Wednesday, October 11, 2006

Green Trying Desperately to Energize the Base

Mark Green's emphasis on immigration late in the gubernatorial race suggests he either has some internal polling data that points to it as an important state and local issue for Wisconsinites, or his campaign is getting desperate to finally find a topic to rally the base.

Considering most public surveys of Wisconsin residents -- such as this one -- don't rank immigration too high on the list of important state and local issues, it seems likely it's the latter reason that's driving the Green Team's emphasis on it recently.

To be sure, Green has struggled to grab the heart of the base throughout his campaign. Back in July, a Badger Poll found that, among Republican respondents, only 25 percent strongly supported Mark Green. Around 48 percent supported Green "not so strongly," 13 percent didn't know, and the remaining 13 percent supported Governor Doyle.

Much of this is because Green's main campaign tactic has been to define himself simply as the anti-Doyle. The big charge leveled against Doyle by Green and the GOP has been ethics, but so far none of these allegations have come close to developing into actual charges against the governor.

And in his recent spat with the State Elections Board -- and shortly the Federal Elections Commission -- Green has clouded his own ethics enough to likely convince most voters of what they probably already thought was true; that is, if you want to infuse ethics into the governor's mansion, don't elect a politician to the post (let alone a member of the current GOP Congress).

So with the issue of ethics neutralized for many swing voters, the Green Team is turning back to the issues in a last-ditch effort to drum up excitement amongst its base.

The Green campaign completely swung and missed on the issue of the state budget. And the other hot-button GOP issues in the state -- such as concealed carry, TABOR, and same-sex marriage -- have proven to be too risky for Green to hype on a broad scale in the purple state of Wisconsin.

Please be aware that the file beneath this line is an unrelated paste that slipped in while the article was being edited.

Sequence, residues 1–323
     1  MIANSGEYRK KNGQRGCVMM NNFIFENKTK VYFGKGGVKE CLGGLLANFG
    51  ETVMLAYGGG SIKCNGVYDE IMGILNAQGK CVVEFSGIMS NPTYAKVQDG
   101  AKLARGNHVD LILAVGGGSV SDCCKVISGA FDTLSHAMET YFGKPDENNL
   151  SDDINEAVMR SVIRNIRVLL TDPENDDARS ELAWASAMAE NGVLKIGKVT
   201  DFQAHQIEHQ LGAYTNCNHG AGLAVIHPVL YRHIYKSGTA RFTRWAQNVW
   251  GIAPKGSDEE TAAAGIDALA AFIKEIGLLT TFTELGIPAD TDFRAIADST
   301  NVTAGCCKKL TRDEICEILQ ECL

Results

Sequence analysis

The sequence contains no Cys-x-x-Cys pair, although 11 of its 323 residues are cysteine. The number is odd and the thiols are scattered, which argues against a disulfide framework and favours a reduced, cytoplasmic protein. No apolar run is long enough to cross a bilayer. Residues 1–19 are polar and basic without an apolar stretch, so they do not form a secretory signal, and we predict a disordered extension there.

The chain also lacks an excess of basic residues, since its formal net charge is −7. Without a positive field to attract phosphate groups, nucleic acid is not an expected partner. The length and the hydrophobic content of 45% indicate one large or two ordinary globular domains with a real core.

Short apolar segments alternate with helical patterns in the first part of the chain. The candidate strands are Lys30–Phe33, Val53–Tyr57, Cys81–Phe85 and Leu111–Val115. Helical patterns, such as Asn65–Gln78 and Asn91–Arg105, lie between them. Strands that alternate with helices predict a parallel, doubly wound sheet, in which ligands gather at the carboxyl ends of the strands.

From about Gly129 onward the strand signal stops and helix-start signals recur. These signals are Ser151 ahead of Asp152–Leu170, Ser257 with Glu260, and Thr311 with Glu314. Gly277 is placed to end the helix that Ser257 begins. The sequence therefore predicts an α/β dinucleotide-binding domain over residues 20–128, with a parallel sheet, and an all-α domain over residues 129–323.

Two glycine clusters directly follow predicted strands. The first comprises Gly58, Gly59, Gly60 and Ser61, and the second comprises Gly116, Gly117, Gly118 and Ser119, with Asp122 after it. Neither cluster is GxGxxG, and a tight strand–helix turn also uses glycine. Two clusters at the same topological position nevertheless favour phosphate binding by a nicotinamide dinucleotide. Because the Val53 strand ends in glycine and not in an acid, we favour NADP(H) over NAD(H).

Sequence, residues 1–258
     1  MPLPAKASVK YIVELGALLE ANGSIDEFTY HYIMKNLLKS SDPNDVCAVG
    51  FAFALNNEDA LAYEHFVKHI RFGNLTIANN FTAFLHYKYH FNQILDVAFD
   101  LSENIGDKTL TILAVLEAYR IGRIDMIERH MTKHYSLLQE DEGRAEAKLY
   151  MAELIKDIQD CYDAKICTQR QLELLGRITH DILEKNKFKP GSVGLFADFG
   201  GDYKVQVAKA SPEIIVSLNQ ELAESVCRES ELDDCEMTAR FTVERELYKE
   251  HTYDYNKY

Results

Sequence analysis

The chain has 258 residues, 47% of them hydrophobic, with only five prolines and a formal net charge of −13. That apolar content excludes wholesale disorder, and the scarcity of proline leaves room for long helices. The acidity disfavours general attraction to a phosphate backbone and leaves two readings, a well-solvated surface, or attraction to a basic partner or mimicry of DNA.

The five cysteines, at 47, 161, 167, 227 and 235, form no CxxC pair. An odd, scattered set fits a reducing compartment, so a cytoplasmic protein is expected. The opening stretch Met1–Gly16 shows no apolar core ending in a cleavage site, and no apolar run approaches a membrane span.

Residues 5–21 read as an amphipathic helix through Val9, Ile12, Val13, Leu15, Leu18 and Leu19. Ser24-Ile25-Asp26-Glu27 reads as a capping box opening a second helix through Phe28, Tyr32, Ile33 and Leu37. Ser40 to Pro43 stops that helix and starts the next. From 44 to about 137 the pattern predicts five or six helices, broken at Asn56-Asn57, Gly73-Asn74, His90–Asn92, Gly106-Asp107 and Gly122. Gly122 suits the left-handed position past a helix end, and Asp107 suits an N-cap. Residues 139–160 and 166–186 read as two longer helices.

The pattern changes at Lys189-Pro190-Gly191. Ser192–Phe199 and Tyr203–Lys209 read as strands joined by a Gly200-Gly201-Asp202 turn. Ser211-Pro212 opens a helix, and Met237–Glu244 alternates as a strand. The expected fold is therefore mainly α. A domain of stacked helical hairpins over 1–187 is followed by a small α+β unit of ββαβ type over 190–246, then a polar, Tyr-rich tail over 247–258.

Thus, Green comes to immigration. It's a relatively safe issue for a GOPer to beat the drum over because, if challenged, one can always fall back on the "Well, it's illegal, isn't it?" line.

But the problem for Green when trying to strike a spark with undocumented immigration -- like Paul Bucher before him -- is twofold.

One, undocumented immigration isn't a big issue for most people in Wisconsin. According to the Pew Hispanic Center, Wisconsin ranks 21st in the country in the number of undocumented immigrants living inside its borders. Not exactly cause for alarm.

Plus, a Badger Poll taken over the summer shows support for undocumented immigrants in Wisconsin, even among Republican respondents.

The second problem is that most people think of undocumented immigration as a federal issue -- which it is primarily -- and not a state or local issue, at least for Wisconsin. That's why Green's proposals on the topic come off as half-hearted and relatively minor.

For instance:
  • Green wants all Wisconsin Works participants to show proof of citizenship before accessing benefits of the program. But considering it's already illegal for undocumented immigrants to actually participate in the program, unless Green can show that there's widespread abuse of the system, the proposal is a non-starter that amounts to adding another layer of bureaucracy to the already bogged-down Wisconsin Works program.
  • Green wants to force state Department of Corrections (DOC) and jail officials to check the immigration status of everyone (unless he plans to profile) charged with a felony or drunk driving in the state. But, as it happens, the DOC already verifies the legal status of all inmates and reports undocumented immigrants to federal authorities.
  • Green wants to work to eliminate local ordinances that prevent public employees from investigating immigration status, which were designed to develop trust between immigrants and local authorities. This proposal is particularly dangerous politically because it amounts to the state usurping local control, which is a major reason the various versions of TABOR were shot down in the Republican legislature over the past few years.
So it's clear the Green campaign is desperately looking for something to get its base to the polls in a year when Republican voter enthusiasm is at a low point across the country.

But, in the end, the issue of immigration will go the way of HSAs and school vouchers for GOP voters -- noteworthy, but not overly exciting.

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